If you are more of a visual learner, we have a series of videos on the PDI that takes you through what to look for in every part of the home. 

What are some problems I should look out for when inspecting an item?

The PDI Checklist covers some common problems for each of the items listed, but here’s a general breakdown of what to look for when inspecting your home:

Inside the home:

  • Chips or cracks in tiles
  • Scratches on countertops or mirrors
  • Damage to floors or walls

Doors and windows:

  • Not secure
  • Do not open and close

Outside the home:

  • Damaged brickwork or siding
  • Missing window screens
  • Issues with the appearance of your driveway or your landscaping.

If you’re not able to properly inspect an item – because it’s too dirty or covered with snow, for example – we highly recommend that you make a note of that on your PDI form.


Many builders allow home buyers to make selections when they’re buying their new home. For example, upgrading to a premium stone countertop or picking the paint colour for interior walls.

If you were involved in the selections for your home, keep an eye out during your PDI and ensure that everything fits with what you selected. If you see an item doesn’t match what you specified – for example, the flooring is laminate instead of the hardwood you requested – we call that an ‘unauthorized substitution’.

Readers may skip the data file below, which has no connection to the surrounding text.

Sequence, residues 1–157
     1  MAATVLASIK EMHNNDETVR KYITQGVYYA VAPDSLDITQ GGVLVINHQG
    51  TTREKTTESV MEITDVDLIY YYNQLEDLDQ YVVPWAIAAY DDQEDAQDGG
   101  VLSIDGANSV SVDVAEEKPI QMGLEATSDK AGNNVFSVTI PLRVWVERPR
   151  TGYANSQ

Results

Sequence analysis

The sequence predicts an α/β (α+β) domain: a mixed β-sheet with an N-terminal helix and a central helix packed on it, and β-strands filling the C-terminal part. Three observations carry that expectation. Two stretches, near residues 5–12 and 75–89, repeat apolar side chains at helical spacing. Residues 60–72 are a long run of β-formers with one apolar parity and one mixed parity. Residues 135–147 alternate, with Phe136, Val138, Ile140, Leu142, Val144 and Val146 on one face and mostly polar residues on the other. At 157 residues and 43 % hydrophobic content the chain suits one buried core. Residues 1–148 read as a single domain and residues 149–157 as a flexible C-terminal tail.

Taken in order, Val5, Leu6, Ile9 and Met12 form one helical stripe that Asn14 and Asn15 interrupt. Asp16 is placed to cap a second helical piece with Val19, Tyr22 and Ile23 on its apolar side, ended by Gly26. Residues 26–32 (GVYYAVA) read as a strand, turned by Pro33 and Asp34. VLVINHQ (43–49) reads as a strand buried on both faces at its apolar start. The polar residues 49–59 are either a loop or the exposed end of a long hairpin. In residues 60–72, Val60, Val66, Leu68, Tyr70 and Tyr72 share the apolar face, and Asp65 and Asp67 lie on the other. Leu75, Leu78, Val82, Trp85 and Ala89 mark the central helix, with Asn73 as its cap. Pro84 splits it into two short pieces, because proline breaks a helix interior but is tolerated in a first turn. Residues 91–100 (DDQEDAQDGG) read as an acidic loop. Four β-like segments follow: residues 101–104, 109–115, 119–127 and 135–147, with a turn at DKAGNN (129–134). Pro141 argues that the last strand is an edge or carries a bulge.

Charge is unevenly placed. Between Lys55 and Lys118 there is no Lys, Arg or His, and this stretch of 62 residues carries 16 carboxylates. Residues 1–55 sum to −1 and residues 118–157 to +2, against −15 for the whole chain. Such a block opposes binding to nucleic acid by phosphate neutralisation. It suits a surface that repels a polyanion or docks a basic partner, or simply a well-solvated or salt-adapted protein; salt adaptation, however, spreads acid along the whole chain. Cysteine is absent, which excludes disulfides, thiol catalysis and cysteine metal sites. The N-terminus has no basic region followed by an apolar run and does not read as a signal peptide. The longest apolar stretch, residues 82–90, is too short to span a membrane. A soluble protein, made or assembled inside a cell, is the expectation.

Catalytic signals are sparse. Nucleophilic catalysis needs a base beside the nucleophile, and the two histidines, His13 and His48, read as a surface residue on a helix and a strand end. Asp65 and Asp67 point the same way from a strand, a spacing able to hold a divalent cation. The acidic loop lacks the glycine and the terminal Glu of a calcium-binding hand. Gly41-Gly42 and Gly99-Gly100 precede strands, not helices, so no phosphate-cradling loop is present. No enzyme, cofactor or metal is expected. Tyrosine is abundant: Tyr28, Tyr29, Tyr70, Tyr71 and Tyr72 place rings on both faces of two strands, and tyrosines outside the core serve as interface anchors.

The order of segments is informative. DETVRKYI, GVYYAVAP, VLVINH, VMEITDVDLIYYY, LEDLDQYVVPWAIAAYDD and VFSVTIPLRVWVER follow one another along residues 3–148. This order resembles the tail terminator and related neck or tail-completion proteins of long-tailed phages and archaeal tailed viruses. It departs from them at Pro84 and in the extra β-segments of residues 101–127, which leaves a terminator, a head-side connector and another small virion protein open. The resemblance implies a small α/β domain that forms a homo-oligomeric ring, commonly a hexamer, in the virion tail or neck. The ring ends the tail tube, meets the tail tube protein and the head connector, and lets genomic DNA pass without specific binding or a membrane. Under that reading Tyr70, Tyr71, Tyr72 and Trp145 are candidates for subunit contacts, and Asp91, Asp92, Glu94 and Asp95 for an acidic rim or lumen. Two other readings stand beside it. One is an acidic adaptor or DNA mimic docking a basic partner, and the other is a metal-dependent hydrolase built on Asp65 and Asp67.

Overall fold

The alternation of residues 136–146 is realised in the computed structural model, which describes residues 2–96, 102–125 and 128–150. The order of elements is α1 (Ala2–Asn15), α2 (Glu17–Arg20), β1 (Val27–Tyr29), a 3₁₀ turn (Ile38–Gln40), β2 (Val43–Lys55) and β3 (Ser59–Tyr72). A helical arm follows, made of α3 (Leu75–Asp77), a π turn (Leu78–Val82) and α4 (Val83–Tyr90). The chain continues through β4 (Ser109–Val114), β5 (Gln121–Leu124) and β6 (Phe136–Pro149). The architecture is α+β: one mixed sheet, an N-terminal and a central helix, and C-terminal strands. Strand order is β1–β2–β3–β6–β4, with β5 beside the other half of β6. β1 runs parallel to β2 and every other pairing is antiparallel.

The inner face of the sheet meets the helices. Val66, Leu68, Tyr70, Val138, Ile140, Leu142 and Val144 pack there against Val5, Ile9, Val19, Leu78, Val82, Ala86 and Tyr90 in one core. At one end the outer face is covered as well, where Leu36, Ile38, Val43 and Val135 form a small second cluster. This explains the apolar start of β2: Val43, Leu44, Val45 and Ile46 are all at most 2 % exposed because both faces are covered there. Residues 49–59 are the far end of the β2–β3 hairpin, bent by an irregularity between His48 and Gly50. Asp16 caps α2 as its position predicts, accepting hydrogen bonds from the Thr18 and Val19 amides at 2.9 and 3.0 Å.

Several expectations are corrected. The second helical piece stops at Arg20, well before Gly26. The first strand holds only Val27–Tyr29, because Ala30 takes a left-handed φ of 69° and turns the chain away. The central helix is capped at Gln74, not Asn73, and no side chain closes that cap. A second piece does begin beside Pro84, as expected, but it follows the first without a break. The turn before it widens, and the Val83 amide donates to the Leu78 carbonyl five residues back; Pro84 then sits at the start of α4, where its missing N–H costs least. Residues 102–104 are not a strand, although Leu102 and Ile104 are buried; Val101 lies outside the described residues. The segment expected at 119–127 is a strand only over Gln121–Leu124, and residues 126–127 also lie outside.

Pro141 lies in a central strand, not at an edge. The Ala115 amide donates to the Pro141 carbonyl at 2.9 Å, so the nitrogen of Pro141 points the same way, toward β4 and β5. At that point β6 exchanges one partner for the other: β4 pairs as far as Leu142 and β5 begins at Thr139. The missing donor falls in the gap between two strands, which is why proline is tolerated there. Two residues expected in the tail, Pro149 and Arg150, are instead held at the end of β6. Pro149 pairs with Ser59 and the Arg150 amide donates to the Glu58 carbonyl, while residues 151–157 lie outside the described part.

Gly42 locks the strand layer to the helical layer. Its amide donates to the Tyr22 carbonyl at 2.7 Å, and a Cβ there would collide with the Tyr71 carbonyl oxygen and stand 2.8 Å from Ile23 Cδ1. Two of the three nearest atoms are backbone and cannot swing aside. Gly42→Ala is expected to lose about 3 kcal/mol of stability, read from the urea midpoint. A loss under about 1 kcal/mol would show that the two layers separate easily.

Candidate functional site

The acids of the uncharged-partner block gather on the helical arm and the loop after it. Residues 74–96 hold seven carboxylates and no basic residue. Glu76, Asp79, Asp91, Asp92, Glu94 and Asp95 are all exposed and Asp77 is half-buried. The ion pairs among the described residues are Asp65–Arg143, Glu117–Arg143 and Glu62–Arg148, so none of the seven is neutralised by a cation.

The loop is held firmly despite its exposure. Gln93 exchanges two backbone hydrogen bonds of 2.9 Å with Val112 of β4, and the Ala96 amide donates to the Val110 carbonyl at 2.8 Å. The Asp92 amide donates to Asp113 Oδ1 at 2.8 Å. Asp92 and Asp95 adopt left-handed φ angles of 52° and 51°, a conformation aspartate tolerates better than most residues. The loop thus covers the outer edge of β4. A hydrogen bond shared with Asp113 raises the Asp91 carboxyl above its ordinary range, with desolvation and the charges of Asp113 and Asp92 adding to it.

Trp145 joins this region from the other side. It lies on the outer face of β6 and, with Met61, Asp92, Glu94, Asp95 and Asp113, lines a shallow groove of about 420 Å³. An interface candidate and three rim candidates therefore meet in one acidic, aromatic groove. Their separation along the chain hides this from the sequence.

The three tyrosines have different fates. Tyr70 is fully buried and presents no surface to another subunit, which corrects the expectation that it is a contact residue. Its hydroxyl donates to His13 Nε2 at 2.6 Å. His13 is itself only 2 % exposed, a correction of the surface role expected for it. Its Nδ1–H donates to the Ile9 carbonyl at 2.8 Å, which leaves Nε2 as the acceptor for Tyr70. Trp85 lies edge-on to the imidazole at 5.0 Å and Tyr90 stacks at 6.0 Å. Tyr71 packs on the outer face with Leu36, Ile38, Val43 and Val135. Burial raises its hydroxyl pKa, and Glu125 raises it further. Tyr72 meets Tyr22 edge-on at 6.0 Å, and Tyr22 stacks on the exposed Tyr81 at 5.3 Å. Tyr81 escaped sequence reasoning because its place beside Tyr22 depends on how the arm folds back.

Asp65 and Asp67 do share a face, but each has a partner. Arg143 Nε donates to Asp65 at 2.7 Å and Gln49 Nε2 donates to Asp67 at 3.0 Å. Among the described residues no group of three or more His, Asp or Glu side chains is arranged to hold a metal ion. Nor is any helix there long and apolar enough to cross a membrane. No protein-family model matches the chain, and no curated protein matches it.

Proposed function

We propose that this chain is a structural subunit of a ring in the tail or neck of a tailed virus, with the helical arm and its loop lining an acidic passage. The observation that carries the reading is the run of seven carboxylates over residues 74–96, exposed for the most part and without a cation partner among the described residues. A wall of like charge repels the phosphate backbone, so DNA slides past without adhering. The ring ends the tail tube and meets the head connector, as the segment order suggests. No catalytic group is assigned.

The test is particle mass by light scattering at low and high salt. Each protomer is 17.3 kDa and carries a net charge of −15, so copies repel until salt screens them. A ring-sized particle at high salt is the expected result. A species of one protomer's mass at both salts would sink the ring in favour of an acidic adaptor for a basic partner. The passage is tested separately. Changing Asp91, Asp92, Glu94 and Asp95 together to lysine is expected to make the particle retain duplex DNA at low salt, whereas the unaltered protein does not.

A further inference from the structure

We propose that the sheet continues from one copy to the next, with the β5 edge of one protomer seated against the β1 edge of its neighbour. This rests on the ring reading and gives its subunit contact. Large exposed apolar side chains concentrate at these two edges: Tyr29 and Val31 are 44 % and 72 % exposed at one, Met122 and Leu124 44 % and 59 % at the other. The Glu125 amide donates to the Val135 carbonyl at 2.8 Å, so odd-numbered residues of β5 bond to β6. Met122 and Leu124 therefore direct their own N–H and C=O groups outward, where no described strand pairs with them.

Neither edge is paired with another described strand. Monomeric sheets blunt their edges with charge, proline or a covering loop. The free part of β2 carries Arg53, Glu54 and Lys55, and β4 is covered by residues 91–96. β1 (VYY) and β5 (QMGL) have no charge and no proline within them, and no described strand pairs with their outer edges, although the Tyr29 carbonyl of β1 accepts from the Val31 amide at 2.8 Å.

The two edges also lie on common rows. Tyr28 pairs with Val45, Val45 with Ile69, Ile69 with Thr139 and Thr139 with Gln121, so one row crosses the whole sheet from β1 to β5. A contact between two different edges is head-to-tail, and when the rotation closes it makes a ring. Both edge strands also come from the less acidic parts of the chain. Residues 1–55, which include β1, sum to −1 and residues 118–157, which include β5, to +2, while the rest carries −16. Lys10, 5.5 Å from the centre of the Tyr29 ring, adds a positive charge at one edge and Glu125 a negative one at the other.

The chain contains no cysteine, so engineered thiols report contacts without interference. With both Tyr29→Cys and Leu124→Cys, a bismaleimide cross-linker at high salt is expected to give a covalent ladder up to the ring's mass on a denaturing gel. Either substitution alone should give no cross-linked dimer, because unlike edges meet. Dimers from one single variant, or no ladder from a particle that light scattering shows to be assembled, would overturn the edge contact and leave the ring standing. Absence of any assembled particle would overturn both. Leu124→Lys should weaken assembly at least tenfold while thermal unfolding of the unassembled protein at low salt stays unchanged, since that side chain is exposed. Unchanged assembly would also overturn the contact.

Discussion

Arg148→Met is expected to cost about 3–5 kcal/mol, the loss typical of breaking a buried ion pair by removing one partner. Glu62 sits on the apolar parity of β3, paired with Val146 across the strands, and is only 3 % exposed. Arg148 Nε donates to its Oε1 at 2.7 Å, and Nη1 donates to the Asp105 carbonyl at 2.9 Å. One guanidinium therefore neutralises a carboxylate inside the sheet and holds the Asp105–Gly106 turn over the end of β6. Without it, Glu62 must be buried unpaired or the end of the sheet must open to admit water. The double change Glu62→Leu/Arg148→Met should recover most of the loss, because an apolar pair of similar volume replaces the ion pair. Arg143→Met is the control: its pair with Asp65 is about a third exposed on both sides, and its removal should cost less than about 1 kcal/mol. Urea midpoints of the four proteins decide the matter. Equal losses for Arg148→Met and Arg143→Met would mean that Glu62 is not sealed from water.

Any unauthorized substitutions that you notice during your PDI should also be noted on your PDI Form.

Important tips

  1. Don’t be afraid to ask lots of questions. Your builder’s representative is there to help you through the process and answer any inquiries you have – especially when you’re learning how your home systems work.
  2. Document any defects you find. Take photos of items that are damaged, incomplete or missing when noting items down on your PDI Form. This ensures that you have a record that these conditions existed prior to you occupying the home. 
  3. Don’t forget about your warranty that is about to begin. You have 30 days from the warranty start date on your Certificate of Completion and Possession to submit your first warranty claim. If there are any items from your PDI that haven’t been addressed by your builder, include them on your 30-Day Form to protect your warranty on them.
  4. Register for MyHome. MyHome is Tarion’s online tool for homeowners that helps keep track of important deadlines on your warranty coverage. If you need to submit a warranty form to Tarion, MyHome lets you do it easily and securely.

The goal of this blog is to provide you with general information about the warranty process by sharing real experiences from new homeowners. The blog should not be relied upon as legal advice. For privacy reasons, we will not address or resolve current cases in a public forum, so any comments or questions that are posted on this site that describe individual cases cannot be discussed. If you have a question about your warranty or Tarion generally, we would be pleased to discuss your issue, in the context of your particular circumstances and in confidence. We exercise reasonable care to avoid offensive, illegal or defamatory content from being posted, as well as comments that are intended solely for self-promotion or considered to be spam.